And the methodology comes out of the old and tired textbook. Is it going to deliver anything new, in line with Groenewald’s expectations? I’ll be surprised if it does. I keep thinking of the way Apple’s Steve Jobs scoffed at focus group research. “It’s really hard to design products by focus groups. A lot of times, people don’t know what they want until you show it to them,” he said. Innovation and the next big idea rarely comes out of research. The feedback report is reminiscent of Cape Town Tourism’s brand-building workshops, which delivered very little new. And much of the brand identity it delivered was replaced soon after Mariette left CTT.
At the end of the day, it all boils down to the people involved. Is the Swellendam Municipality a good client who knows what it wants? And is it employing the right people to deliver the goods?
Anton Groenewald resigned from the City of Cape Town under a cloud in 2014, after the City had suffered a financial loss of some R30 million as a result of the disastrous staging of a soccer tournament touted as the Cape Town Cup. He wasn’t solely responsible for the fiasco but he drove it. I admire him for taking responsibility. I’ve known him for over 15 years and I believe he is one of the most dynamic local government bureaucrats around, and I don’t hold arrogance against anybody, as long as they deliver… beyond expectation. I think Groenewald could pull the rabbit out of the hat and what Swellendam does is worth watching.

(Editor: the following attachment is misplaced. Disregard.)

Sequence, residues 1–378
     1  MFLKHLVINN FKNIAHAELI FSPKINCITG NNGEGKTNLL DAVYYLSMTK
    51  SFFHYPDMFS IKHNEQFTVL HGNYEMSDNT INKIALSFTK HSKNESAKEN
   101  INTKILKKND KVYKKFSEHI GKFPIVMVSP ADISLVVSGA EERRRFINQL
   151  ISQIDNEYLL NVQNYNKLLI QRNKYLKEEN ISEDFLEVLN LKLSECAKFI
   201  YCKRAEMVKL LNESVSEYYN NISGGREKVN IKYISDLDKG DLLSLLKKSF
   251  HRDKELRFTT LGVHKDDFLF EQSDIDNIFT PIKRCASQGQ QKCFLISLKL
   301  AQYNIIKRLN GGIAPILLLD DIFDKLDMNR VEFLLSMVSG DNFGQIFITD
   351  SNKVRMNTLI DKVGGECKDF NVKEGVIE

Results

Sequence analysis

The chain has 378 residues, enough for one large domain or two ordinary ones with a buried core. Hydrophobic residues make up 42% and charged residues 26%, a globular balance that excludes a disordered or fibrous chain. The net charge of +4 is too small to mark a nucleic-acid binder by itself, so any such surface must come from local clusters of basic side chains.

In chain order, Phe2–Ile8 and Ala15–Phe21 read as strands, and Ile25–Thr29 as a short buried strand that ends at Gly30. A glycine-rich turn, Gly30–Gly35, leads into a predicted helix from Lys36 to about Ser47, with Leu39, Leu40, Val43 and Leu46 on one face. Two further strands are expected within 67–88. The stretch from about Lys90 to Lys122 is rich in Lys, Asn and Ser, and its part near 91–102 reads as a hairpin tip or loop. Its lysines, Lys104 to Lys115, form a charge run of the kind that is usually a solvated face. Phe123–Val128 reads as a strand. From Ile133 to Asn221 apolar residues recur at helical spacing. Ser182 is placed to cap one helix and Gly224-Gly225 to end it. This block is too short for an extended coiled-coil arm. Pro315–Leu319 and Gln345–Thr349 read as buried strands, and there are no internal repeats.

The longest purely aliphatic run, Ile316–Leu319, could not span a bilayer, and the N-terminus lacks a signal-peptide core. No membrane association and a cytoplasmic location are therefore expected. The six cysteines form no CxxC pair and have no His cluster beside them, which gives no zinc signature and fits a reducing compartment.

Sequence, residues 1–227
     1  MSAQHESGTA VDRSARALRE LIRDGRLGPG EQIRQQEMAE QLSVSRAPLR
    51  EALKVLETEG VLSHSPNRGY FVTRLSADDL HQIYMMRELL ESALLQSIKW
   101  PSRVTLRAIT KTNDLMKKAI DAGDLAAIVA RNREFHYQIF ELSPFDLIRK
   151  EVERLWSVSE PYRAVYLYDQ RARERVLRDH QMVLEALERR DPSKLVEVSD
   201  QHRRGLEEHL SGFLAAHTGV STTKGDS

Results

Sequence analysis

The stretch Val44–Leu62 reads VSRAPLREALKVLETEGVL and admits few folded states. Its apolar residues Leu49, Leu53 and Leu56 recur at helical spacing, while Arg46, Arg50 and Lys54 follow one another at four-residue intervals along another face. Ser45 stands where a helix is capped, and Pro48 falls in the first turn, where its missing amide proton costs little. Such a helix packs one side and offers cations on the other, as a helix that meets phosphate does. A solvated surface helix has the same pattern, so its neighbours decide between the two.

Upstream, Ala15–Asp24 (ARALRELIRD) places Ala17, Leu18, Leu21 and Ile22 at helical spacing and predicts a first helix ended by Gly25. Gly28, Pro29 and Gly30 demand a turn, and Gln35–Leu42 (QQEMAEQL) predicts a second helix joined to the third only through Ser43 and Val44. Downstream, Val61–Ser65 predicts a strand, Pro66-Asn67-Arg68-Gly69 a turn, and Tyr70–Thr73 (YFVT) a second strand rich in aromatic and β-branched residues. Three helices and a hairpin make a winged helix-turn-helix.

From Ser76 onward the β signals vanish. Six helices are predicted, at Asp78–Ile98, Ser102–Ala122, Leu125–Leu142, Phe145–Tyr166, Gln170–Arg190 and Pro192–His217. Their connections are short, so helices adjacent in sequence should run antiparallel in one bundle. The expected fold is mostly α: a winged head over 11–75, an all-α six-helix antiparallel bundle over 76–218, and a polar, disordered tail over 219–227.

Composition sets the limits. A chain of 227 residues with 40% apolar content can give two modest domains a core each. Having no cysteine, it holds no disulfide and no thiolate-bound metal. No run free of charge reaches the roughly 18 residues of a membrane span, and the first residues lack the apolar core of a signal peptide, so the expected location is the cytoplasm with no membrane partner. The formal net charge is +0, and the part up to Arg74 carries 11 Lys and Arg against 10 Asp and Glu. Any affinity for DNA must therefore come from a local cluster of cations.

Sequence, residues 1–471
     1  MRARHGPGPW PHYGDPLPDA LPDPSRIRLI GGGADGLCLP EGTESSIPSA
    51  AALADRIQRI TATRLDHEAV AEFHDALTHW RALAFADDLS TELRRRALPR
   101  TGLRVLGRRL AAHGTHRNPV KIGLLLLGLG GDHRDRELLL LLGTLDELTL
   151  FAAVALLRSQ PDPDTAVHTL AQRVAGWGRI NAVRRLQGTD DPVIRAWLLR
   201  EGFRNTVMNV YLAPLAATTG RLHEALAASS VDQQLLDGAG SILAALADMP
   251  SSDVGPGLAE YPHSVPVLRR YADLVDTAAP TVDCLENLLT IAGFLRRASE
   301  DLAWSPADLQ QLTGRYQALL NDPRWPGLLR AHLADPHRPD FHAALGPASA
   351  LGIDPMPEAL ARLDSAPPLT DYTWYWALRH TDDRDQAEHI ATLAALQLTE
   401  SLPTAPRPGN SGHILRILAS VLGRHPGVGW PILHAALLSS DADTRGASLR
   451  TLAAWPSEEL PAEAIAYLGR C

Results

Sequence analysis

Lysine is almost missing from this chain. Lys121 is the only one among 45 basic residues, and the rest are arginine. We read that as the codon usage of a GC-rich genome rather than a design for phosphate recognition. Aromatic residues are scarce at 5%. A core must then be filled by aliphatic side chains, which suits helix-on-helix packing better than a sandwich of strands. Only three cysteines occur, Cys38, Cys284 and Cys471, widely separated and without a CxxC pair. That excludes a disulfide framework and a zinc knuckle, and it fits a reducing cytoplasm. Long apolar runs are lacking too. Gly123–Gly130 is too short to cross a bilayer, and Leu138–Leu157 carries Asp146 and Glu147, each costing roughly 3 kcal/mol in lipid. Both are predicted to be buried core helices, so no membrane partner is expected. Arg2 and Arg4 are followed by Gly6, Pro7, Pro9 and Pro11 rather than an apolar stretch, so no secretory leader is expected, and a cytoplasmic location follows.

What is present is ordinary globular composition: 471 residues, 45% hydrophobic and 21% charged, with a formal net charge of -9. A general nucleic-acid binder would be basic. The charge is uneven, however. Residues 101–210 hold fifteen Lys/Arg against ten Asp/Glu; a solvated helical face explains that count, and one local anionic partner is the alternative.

Mariette du Toit-Helmbold founded Destinate — a destination marketing company — after she resigned as CEO of Cape Town Tourism, where she worked with Groenewald. I’ve known her since she started her career and I can only echo what one industry CEO said about her: “I love Mariette dearly. Her only problem is that she believes all her own hype.” Destinate works to a set formula, and relies heavily on tired textbook methodology. If she chucks that aside, she is capable of pulling another rabbit out of the hat.